Despite debate, Southington council passes agreement for Plantsville lot

reporter photo

SOUTHINGTON — Town leaders approved an agreement with Plantsville property owners that will allow for a municipal parking lot near the Quinnipiac River.

Town Council Republicans prevailed over Democrats to pass the agreement during Monday’s meeting. A council member of each party, Republican Bill Dziedzic and Democrat Val DePaolo, recused themselves due to personal or family financial interests in the property.

In exchange for a portion of the property owners’ land, the town will build and maintain the municipal lot. The 39-lot parking area is slated for the rear of 26 W. Main St., 774 S. Main St. and 778 S. Main St., along the river.

Precision Property Management, which has its offices at 13 W. Main St., bought 774 and 778 S. Main St. several years ago. Dziedzic and Joseph Calvanese own the company.

In April, Dziedzic said he’s in favor of the plan and believes it will help the Plantsville downtown as a whole. With on-street parking illegal in downtown Plantsville, property owners said public parking is important to the success of area businesses.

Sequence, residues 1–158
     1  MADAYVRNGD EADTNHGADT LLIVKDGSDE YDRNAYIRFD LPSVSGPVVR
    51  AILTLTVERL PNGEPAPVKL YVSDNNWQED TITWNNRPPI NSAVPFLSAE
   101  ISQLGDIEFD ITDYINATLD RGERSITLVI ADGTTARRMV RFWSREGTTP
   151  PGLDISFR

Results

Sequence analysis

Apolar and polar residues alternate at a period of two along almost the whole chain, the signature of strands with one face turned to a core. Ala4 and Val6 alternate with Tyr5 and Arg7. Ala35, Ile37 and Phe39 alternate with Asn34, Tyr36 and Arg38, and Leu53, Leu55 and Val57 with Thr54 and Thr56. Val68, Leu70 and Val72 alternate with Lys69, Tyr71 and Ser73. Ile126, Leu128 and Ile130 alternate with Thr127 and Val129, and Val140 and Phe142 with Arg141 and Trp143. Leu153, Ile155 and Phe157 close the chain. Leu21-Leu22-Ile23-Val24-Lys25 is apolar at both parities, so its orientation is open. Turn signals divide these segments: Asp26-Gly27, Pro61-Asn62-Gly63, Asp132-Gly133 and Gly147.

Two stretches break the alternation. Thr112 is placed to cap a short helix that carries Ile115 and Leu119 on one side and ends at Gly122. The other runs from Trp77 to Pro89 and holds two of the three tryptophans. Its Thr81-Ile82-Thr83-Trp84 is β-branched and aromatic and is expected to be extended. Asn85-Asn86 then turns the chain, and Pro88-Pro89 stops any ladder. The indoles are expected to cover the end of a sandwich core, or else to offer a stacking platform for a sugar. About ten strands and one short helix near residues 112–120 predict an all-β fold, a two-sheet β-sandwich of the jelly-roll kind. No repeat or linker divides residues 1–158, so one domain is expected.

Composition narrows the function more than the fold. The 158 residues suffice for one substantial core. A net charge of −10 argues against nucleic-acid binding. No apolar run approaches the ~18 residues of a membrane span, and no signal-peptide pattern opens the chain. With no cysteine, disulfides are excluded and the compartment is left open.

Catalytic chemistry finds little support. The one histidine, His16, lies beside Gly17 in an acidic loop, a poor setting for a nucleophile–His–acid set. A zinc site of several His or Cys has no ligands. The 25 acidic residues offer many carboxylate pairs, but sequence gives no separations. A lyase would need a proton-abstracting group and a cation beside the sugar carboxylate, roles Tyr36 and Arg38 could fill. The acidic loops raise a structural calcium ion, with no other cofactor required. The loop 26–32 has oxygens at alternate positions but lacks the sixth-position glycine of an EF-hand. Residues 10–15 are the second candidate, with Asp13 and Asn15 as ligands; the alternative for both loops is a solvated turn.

Cheryl Moran is the owner of the Hop Haus building at 26 W. Main St. She’s also an owner of Anthony Jack’s Restaurant in downtown Southington.

DePaolo recused herself from Monday’s vote, saying a family member had an interest in the properties in question.

Paul Chaplinsky, Town Council vice chairman and a Republican, said the lot was an important alternative, and a safer alternative, to on-street parking.

“The previous town attorney negotiated this deal with the private landowners to use their property,” Chaplinsky said. “I am appreciative of the two landowners that they are forgoing some of their property value in favor of helping the Plantsville community and other businesses in downtown Plantsville.”

Jack Perry, a Democratic councilor, said he and fellow Democrat Chris Palmieri tried unsuccessfully to table action on the agreement Monday night. Perry said he wanted more information on the cost of the project as well as the ongoing maintenance costs that the town will incur.

Under the terms of the $1 lease, the town will maintain the lot for 20 years at which time it’ll revert to the original owners.

“I still don’t know what the yearly costs, the maintenance (are),” Perry said. He described Monday’s presentation of the agreement as the “bare minimum” of information.

Chaplinsky said there were numerous opportunities to ask questions prior to Monday’s meeting. Clarification was also provided at the meeting by Town Manager Mark Sciota, he said.

“I am unsure why we would hold up a project that benefits so many people in downtown Plantsville unless it is for political purposes,” Chaplinsky said.

Reporter Jesse Buchanan can be reached at


More From This Section